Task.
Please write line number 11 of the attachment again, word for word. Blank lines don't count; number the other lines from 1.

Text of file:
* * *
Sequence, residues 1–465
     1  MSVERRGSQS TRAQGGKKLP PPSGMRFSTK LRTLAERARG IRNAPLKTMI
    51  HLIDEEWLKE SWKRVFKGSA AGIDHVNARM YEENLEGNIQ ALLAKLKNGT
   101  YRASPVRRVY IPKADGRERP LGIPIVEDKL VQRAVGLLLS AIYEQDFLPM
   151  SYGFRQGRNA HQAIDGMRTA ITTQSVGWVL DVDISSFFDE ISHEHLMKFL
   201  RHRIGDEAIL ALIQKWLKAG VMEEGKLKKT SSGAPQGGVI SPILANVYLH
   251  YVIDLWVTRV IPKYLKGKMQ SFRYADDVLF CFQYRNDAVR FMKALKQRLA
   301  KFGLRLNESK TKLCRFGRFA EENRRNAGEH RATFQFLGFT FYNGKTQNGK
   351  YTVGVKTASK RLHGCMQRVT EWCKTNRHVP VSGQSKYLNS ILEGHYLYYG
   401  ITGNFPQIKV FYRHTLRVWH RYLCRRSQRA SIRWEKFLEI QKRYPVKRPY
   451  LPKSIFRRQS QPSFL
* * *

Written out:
   451  LPKSIFRRQS QPSFL